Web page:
The real estate market in British Columbia inflated beyond anyone's expectations recently, and home values are at historic highs. For some homeowners, it's like a dream come true. For those men and women going through a divorce, however, it may not be such good news. Even in a non-confrontational divorce using collaborative law, it might not be possible to hang on to the marital home.
The dream for many men and women in British Columbia is to marry, raise children and live happily ever after with their family. For some, however, the dream does not last. A divorce may mean the end of the family unit as it was, but it doesn't have to mean the end of good child rearing or a positive family dynamic. By starting from a nonconfrontational position, perhaps through a collaborative law approach to the divorce, parents can build a new family based on cooperation, and placing the child's needs first.
It is no secret that life after divorce is entirely different than it was before. Many people are not fully prepared for the challenges their new lives will bring, however. A recent study shows divorce can strain finances to the breaking point. For some men and women in British Columbia, collaborative law may hold some of the keys to a solution.
Settling any aspect of a divorce in a British Columbia court adds an unwelcome degree of uncertainty. Once a judge has made a ruling, it can be very difficult to make any adjustments. One unfortunate father found this out after choosing to represent himself during a support hearing. Had there been an opportunity to try collaborative law, the outcome may have been better, but as it was, the final ruling drastically changed his life.
A popular phrase holds that he (or she) who hesitates is lost. The opportunity to negotiate a family law settlement might also be lost if one doesn't seize the moment at the right time. A single mom in British Columbia may never know if she missed her chance to try to win child support years ago through collaborative law, or other means, after a recent effort came up short.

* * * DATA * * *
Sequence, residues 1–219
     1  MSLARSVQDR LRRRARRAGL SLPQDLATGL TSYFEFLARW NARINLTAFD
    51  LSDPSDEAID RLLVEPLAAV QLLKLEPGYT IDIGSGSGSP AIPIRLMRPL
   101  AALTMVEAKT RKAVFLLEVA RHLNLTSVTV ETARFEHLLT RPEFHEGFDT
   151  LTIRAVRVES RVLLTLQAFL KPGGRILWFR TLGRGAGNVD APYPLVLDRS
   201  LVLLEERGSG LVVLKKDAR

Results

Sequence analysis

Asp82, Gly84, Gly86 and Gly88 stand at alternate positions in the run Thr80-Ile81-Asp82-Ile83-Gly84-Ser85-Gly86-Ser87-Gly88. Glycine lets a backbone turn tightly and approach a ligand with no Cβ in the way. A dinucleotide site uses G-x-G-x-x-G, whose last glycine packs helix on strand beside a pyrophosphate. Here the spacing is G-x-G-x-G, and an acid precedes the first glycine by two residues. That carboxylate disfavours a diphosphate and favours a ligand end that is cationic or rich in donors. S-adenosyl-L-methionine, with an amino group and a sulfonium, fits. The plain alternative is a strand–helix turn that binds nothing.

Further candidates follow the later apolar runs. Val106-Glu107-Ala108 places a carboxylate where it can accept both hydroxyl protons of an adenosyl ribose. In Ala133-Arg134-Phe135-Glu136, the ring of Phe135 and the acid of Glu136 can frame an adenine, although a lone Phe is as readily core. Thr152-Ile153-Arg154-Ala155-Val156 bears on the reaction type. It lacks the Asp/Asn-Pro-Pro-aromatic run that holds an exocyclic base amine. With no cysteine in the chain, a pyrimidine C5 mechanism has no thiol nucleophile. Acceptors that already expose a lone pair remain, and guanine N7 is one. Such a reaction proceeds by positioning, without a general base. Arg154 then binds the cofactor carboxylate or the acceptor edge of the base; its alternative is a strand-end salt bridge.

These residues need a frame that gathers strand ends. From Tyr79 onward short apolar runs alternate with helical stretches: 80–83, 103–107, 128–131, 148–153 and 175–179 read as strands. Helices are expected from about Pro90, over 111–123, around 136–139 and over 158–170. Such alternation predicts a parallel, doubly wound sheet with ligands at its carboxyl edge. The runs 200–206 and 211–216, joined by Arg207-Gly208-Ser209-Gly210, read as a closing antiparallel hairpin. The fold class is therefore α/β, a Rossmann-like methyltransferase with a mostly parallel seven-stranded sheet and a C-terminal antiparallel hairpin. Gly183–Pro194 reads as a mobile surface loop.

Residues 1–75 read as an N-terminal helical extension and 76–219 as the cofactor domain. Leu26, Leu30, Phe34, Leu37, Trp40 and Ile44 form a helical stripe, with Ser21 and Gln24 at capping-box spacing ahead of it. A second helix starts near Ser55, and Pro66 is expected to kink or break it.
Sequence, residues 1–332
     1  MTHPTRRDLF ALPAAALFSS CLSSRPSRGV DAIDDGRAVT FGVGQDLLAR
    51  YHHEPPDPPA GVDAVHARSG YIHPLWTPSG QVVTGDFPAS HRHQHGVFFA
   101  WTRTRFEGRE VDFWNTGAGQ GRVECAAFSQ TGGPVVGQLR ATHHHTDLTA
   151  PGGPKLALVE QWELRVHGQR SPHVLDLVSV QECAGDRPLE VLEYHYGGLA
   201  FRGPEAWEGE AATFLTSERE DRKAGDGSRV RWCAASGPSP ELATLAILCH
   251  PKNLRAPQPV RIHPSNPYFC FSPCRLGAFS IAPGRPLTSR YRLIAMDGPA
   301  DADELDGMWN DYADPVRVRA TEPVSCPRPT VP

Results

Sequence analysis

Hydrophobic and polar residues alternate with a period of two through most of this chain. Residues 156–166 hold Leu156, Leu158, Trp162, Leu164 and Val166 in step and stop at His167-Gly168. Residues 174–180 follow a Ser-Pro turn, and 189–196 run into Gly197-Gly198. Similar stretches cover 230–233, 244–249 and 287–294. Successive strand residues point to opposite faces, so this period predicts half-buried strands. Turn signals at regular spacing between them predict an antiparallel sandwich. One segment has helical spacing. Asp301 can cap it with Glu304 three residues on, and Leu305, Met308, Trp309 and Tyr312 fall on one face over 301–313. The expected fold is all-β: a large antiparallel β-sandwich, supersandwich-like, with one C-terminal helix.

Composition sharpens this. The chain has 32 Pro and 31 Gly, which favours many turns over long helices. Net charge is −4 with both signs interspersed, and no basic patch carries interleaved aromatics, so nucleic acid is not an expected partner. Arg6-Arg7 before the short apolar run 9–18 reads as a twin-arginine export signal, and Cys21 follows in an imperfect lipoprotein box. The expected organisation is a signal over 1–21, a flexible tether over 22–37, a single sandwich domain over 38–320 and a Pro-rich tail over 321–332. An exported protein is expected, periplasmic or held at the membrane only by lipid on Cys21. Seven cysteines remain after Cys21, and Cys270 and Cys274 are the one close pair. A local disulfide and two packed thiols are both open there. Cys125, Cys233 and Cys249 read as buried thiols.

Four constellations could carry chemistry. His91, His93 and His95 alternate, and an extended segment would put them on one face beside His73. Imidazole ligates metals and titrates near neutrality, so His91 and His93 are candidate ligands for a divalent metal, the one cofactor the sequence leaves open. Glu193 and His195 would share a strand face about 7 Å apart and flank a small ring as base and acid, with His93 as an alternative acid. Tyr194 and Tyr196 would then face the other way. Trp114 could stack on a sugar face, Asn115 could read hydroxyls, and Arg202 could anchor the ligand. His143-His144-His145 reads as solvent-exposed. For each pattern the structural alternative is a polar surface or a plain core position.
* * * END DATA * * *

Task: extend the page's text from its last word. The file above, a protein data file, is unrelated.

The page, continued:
A divorce in British Columbia is not unusual. In fact, around 40 percent of all marriages in this country end in divorce. However, the specifics of each divorce are unique, because no two marriages are exactly the same. That being the case, there is more than one way for a divorce to proceed. For those who can, using collaborative law instead of litigation might be a time and money saver.
Some British Columbia couples that choose to end their marriage will separate, but not get divorced right away. In many cases, creating a separation agreement, often via collaborative law, is enough to satisfy both parties. The question some people may be asking, however, is whether the agreement could be challenged or upset at a later date, particularly if one party chooses to file for divorce.
Whatever a divorced couple's feelings may be for each other, if they have children, they are still obligated to maintain the welfare of the kids. For the non-custodial parent, this may be limited to simple financial support, but once ordered by a British Columbia court, it is still an obligation. Even parents who arrived at a settlement arrangement using collaborative law may find problems arising in the future.
No matter how one approaches it, divorce can be a difficult and emotional life event. There are ways, however, in which it may be possible to alleviate some of the stress and make a relatively clean break. Using collaborative law may be one of the best methods available to men and women in British Columbia.
When parents cannot agree on what's best for their child during or after a divorce, sometimes matters can become unpleasant. Recently, a child custody dispute spanning half way around the world found its way to a courtroom east of British Columbia. This unusually convoluted case has seen an Amber Alert, a warrant for an arrest and stories of a sex and murder factory in a far off land. Collaborative law is clearly no longer an option for this family.